What’s interesting here is that many performance structures tend to reward people for administrative activities at the expense of innovation. Again: innovation is everyone’s task and not something to pushed into a department. We reward too many people for maintaining things past the point of net contribution. I’d like to see people rewarded for progressively retiring elements of the business that are no longer operating at peak.
I admit, this sort of thinking used to annoy me. That’s because I was captured by the metaphor of the organization as a machine. After several years of progressively checking my management toolbox for usefulness, I now see the organisation as a social system. And this means everything is changing and in flux. When growth and change is the normal state, then continuous retiring of the present to make room for the future becomes a valued activity.
Our focus shifts to the ability of the organization to learn its way forward and cultivate a tolerance for ambiguity. This will only happen when exploration, experimentation and testing are genuinely rewarded. Because it's the rare large organization that suffers from under-administration.
Because business success is based on making innovations effective, we want the optimal number of senior people focused on innovation. Optimal for me is ‘as many as reasonable’. What this does is change our view of what senior people are and what they do. It leads to a quick realization that the functional basis of organization may not be the best. It takes us to a place where we question what social arrangements we have in place and why. Because we can arrive at the uncomfortable realization that some organizations exist just for the benefit of a few people.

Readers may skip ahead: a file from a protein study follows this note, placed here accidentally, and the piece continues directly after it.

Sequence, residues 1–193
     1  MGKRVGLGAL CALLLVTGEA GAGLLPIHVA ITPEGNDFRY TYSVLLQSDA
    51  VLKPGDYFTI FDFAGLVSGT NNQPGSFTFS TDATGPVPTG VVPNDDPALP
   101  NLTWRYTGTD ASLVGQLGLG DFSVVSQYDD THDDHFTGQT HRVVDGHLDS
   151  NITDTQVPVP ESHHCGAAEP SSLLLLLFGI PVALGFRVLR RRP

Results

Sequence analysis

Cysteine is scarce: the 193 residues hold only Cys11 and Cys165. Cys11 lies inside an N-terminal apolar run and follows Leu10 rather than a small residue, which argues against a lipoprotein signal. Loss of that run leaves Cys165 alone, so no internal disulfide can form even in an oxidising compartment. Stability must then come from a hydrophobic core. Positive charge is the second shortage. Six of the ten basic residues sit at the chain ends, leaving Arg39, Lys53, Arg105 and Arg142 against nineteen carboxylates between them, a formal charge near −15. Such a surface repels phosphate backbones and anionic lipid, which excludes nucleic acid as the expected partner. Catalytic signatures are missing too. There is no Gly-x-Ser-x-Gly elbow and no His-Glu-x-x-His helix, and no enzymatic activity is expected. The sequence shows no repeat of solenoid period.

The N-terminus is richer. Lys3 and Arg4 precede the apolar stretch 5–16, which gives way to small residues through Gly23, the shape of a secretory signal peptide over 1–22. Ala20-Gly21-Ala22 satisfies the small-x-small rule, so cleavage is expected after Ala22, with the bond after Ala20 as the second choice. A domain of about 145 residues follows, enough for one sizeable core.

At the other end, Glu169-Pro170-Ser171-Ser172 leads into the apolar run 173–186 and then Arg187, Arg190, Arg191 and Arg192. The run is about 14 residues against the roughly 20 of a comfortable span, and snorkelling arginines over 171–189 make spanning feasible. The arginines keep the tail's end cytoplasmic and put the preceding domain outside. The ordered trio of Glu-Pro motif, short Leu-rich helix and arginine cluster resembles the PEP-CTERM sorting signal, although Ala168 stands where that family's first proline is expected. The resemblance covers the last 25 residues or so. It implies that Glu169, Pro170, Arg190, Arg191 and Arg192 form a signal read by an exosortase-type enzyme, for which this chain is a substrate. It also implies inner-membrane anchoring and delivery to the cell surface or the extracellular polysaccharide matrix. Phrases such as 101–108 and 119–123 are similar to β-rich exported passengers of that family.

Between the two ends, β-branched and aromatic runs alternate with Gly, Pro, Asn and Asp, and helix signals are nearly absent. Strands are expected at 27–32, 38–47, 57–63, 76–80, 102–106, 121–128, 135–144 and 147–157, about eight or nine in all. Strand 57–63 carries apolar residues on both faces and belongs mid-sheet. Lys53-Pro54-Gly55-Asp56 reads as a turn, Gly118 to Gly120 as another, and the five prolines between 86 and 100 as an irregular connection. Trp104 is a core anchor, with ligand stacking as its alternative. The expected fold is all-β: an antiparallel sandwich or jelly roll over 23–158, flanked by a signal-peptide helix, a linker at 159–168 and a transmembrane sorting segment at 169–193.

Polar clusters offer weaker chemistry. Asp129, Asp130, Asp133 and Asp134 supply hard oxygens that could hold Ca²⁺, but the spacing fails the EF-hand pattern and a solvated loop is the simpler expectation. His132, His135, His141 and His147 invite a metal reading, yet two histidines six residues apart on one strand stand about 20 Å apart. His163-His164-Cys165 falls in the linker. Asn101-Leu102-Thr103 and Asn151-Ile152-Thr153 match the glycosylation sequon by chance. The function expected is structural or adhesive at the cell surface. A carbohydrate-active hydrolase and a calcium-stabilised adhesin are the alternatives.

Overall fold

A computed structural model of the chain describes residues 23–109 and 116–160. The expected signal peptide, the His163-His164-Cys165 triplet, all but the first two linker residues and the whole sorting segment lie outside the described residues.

Again, this is an illness of the large organization. But for as long as startups chase ‘growth’, where growth is quantitative rather than qualitative, then startups are looking at this very future. The larger the organization, the more prone it is to sucking people into its administration. The idea of qualitative growth is one I’ll touch on later. It’s a subtle difference, like the difference between ‘more strong’ and ‘stronger’.
I've taken this post in two directions. The first is that the organization that doesn't gear itself up for strong administration won’t find the means to sustain and renew itself. The second is that ‘strong administration’ means focusing on core activities, being able to retire these core activities as innovation carries the business forward and being willing to starve out non-essentials.
There are many forces that contribute to administration becoming the opposite to this ideal state and keeping as many people out of administration is a tough battle leaders cannot shirk.